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The progress of air pollution mitigation efforts can be difficult to measure

Around the world, experts are working to improve public health by reducing harmful levels of air pollution. Efforts include the regulation of industrial emissions, the establishment of low emission zones, and subsidies for public transport.

While it may seem obvious that these actions result in improved air quality, a new study from the Ludwig Maximilian University of Munich has found that it is actually very difficult to quantify the effects of air pollution mitigation strategies.

“It’s quite a challenge to evaluate the introduction of a measure like the low emission zone,” said study co-author Jacob Burns.

Air pollution has been linked to millions of premature deaths worldwide from issues such as cardiovascular and respiratory diseases. However, it remains unclear whether measures designed to improve outdoor air quality actually reduce the concentration of pollutants present.

“It’s important to remember how many factors influence both air quality and the relevant health conditions,” said Burns. “Levels of energy consumption in industry, transport and domestic households all play a substantial role in air pollution levels, as does the weather.”

Furthermore, the risk of developing health complications such as cardiovascular disease is not only influenced by air pollutants, but also by numerous genetic, physiological, and social risk factors. “This illustrates how difficult it can be to attribute changes in air pollutant concentrations, numbers of individuals admitted to hospitals, or mortality rates to any single measure.”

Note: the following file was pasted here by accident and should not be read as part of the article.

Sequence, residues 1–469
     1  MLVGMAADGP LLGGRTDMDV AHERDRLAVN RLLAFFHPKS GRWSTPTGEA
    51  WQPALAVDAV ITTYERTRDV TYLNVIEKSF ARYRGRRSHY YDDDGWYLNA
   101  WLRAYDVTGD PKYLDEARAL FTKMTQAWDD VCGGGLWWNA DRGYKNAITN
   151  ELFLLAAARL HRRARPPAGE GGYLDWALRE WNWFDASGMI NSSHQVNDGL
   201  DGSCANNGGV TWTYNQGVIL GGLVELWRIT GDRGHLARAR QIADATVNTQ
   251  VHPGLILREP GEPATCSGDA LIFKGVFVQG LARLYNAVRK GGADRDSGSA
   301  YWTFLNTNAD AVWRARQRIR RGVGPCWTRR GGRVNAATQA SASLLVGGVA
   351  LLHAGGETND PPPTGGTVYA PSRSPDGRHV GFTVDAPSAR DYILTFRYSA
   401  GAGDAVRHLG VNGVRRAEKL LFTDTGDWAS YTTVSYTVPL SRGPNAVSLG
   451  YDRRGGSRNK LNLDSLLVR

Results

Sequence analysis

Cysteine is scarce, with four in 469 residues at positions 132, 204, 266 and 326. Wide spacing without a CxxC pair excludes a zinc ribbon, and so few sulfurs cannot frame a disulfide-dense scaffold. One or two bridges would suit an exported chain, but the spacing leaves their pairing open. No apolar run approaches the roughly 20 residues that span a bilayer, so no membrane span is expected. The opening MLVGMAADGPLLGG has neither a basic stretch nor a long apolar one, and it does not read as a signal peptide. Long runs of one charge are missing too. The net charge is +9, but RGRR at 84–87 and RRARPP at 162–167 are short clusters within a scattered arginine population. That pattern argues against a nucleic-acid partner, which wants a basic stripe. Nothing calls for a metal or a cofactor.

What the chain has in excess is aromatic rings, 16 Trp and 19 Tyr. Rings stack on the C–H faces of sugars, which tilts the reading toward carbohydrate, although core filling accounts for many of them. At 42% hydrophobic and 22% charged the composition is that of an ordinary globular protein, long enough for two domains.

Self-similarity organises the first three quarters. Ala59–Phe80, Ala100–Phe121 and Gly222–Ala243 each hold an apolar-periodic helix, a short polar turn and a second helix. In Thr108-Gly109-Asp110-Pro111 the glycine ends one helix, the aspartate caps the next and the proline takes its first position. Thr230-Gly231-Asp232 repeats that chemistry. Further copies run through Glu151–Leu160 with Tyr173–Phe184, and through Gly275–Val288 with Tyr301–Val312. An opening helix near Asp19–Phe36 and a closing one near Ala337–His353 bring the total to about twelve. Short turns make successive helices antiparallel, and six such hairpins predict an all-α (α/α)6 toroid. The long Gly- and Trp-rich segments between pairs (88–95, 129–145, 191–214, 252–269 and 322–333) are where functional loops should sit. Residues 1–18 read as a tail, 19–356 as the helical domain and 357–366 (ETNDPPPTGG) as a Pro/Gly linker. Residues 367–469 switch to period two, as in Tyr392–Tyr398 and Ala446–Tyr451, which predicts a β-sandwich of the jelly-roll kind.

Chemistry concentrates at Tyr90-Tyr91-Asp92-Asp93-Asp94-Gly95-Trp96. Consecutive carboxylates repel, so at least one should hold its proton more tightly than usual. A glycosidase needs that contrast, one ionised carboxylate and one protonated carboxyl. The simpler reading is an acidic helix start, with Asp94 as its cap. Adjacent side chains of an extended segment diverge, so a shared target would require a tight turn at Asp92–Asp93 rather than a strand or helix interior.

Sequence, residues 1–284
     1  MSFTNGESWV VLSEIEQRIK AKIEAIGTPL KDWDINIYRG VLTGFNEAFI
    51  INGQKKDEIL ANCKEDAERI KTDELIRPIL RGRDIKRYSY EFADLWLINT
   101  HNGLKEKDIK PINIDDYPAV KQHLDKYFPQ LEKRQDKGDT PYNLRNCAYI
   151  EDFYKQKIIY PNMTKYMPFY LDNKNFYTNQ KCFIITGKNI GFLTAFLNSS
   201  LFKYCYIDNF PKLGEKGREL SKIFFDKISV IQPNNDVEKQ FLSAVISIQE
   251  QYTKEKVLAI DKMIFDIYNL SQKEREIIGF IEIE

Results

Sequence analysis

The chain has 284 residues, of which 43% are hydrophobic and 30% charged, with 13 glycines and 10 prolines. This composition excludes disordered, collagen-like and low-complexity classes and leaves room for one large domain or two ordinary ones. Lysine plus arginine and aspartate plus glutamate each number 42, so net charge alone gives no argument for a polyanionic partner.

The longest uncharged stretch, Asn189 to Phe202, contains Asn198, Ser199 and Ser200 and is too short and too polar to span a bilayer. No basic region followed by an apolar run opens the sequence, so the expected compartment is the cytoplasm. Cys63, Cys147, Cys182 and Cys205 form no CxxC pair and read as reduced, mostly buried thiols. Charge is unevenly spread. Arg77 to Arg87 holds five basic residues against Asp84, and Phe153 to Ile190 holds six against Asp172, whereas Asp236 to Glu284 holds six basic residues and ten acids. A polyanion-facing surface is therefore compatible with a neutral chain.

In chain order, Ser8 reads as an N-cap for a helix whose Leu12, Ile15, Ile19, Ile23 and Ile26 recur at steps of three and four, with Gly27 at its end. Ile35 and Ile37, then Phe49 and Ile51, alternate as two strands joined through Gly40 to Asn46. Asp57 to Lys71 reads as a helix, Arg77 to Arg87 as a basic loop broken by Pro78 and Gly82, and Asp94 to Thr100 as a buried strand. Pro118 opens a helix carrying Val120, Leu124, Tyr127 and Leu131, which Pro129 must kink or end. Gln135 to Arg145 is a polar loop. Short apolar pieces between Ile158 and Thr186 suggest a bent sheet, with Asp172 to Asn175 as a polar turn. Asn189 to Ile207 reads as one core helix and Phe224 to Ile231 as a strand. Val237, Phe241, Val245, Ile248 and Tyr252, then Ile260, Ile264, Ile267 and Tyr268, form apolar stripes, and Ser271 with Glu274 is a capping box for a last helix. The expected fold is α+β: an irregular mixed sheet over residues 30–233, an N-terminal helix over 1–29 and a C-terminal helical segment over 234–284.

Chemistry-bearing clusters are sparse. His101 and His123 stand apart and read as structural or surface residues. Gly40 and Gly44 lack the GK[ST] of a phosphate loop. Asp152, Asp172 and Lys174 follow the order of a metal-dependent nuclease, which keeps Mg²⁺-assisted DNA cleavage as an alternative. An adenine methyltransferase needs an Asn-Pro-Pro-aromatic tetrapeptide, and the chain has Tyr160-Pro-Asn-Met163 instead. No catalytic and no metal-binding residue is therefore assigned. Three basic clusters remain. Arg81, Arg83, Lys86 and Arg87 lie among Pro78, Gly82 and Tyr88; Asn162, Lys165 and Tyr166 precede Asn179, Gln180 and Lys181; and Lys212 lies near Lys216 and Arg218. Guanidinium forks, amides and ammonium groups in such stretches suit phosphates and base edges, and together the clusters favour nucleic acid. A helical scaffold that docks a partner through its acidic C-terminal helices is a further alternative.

The analysis is the first of its kind to identify and critically appraise all studies that evaluate the impact of measures aiming to improve air quality. The research was focused on 38 specific measures, ranging from efforts to reduce traffic to  more efficient household heating systems.

“For the most part, the studies that we reviewed show either positive or unclear effects. But these studies differ so much from one another that we could not, with confidence, draw general conclusions about what works and what does not work,” explained Burns.

The team pointed out, however, that they do not argue against air pollution interventions. “It is important to emphasize that lack of evidence of an association is not equivalent to evidence of no association,” wrote the researchers.

Study lead author Professor Eva Rehfuess said that the more important message is that the methods of evaluation in this area must be improved, so that decision-makers have a reliable basis on which to base their policy choices.

The study is published in the Cochrane Database of Systematic Reviews.

By Chrissy Sexton, Staff Writer

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